Glover also periodically travels to the partner institutions' campuses, and takes advantage of the ability to do some face-to-face teaching while he's there. He maintains a heavy teaching load, typically teaching two courses each semester at Utah State, and taking on another 3-2 load as lead professor in Asia degree program courses. “Essentially now in the last couple of years, we’ve developed more of a partnership. It used to be Utah State and then the step-cousin, but now it’s a joint kind of partnership,” said Glover.

The model represents an improvement on distance education, Glover said, which is "not our mold"

Instead, “You’ve got someone there, with them, who knows the program, has communicated with me and such, and they know that the two instructors are attuned to each other.... I get lots of e-mails from students and I e-mail them back."

The Huntsman School of Business is accredited by the Association to Advance Collegiate Schools of Business, but the economics department, while housed in the business school, is outside the accreditor's purview. "This program is not an AACSB-accredited program; therefore, none of our standards come into play," said Jerry Trapnell, AACSB International's vice president and chief accreditation officer. That said, Trapnell added, "We see programs delivered in a lot of models.... We've seen similar models to this, sure, where the delivery mode at the remote site is facilitated, assisted or delivered through arrangements with the local faculty. Again, the key is to having very good expectations and understanding of the quality of that faculty, their background, and then the strong communication at work between the Utah State faculty and the faculty there.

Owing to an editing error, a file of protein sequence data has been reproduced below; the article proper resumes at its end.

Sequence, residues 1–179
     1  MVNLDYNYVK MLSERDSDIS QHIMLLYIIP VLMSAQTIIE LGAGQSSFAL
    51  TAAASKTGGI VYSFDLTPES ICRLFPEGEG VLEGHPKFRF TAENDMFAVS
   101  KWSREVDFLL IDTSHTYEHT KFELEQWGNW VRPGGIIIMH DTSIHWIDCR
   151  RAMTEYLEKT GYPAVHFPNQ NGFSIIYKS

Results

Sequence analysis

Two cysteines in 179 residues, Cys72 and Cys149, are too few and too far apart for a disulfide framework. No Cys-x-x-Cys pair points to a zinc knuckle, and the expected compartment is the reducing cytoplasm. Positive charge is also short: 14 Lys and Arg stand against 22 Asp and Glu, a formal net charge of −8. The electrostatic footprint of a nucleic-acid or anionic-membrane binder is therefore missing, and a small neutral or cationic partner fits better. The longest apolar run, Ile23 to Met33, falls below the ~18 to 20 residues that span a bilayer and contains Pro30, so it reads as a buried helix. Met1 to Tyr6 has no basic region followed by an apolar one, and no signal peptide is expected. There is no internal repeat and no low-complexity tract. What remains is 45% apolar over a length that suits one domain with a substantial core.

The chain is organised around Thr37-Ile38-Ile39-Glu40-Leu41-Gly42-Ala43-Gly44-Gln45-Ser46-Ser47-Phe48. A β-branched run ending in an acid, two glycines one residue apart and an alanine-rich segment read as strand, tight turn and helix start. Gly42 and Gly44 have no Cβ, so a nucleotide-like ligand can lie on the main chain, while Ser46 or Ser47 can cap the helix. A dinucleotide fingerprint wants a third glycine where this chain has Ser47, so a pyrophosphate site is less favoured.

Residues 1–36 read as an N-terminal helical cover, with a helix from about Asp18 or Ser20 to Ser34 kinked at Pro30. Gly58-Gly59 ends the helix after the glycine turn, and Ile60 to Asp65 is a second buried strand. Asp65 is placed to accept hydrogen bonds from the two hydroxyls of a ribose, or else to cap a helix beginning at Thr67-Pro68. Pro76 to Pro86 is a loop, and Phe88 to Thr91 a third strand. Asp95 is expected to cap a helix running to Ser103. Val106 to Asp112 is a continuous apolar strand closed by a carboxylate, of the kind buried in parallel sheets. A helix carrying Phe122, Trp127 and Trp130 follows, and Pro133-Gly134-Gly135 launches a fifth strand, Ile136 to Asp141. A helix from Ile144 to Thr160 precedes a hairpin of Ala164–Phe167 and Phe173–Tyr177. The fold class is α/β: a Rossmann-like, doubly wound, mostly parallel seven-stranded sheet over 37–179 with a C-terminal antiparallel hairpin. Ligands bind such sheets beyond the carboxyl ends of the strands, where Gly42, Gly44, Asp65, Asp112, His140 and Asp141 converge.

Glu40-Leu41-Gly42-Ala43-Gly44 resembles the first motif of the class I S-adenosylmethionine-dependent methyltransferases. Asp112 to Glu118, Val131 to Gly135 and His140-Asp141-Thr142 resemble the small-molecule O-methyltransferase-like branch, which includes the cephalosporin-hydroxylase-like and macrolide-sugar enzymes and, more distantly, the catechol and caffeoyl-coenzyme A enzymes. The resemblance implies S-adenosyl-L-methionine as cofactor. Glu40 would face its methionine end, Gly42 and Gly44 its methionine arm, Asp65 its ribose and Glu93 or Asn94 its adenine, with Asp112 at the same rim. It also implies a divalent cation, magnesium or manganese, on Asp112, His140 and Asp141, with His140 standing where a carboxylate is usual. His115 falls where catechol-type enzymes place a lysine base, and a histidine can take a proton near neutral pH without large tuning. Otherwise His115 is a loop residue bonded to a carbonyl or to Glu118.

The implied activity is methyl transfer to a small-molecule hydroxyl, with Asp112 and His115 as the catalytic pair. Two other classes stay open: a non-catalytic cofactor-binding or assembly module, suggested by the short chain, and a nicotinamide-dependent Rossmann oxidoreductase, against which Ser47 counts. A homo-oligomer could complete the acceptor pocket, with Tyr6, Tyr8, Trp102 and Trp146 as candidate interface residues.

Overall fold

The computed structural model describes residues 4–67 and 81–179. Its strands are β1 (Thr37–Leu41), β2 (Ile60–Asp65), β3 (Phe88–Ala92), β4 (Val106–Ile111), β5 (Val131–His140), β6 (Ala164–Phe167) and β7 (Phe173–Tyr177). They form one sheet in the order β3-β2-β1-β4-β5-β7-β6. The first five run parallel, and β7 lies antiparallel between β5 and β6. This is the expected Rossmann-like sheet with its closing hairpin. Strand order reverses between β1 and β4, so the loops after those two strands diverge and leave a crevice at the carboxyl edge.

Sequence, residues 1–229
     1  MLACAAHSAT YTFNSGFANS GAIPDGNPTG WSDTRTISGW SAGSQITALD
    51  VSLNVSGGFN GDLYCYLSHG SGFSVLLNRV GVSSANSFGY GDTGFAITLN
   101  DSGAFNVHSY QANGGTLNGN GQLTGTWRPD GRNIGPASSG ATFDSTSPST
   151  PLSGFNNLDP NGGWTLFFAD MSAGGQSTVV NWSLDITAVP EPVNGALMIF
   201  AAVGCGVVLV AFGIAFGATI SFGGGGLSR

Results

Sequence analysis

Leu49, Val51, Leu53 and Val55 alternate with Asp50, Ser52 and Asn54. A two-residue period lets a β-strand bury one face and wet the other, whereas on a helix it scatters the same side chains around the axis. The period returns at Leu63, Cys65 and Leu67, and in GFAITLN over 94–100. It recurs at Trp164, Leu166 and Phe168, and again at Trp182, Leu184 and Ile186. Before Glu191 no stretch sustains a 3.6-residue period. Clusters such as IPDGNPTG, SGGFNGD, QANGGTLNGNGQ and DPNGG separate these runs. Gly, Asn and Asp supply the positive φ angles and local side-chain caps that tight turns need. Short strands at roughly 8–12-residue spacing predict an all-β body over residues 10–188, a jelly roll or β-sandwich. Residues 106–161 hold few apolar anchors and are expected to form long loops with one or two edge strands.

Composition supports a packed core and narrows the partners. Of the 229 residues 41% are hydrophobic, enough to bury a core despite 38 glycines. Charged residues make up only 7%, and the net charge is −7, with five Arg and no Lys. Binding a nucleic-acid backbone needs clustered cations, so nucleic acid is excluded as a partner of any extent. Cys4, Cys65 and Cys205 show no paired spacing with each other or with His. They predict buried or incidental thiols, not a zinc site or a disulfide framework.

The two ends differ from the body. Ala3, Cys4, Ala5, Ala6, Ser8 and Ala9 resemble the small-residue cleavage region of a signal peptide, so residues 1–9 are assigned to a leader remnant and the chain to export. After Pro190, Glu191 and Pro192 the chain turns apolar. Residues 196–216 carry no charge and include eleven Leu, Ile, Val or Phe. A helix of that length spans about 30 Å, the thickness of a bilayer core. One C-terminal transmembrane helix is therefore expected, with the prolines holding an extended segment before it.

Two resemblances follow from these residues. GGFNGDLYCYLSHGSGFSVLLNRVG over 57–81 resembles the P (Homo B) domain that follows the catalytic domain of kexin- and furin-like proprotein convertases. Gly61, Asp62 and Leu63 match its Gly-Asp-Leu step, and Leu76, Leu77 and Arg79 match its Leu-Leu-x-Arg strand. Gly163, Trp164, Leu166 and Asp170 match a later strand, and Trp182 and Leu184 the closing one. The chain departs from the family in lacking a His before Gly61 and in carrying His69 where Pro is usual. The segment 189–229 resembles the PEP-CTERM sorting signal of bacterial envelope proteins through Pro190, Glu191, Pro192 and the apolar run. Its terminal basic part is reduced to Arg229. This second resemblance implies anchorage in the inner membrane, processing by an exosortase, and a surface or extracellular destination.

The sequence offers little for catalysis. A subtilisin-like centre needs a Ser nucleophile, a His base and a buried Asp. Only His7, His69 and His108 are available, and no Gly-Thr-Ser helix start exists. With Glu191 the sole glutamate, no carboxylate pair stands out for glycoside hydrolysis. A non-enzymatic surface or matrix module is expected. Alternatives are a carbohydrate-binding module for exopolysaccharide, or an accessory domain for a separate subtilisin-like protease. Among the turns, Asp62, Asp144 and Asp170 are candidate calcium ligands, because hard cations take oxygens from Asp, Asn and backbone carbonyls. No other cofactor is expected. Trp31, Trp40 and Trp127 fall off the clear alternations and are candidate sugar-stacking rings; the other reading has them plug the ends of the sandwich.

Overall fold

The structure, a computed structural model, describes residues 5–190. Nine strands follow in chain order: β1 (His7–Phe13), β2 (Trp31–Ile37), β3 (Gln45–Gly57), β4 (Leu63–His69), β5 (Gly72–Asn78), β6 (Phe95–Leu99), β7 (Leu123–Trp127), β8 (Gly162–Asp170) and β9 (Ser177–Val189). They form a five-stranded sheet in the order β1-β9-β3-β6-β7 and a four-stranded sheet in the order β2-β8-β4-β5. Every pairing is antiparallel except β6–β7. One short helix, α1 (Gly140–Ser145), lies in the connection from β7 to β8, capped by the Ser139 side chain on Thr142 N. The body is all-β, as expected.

"I'll be clear. There are risks there, that essentially they are delegating to someone else to deliver their program," Trapnell said."They're trying to manage that carefully, I'm sure.

“It’s an innovative model, and I expect that as schools seek ways to work internationally, these models will continue to be fairly diverse."

“It looks as if the proposed breakdown of responsibilities is an effort at quality control,” said Andrew Ross, a professor of social and cultural analysis at New York University who has written about branch campuses and the academic workplace. “However, it also shows how globalization hastens on the way in which professorial work can be broken down and reassigned to cheaper and more remote locations. In the twentieth century, professions were able to distinguish themselves from industrial labor process by resisting efforts to separate the conception and execution of tasks. This is an example precisely of that division of labor. It points in the direction of the routinization, at offshore locations, of instruction, while retaining the higher-level tasks onshore.”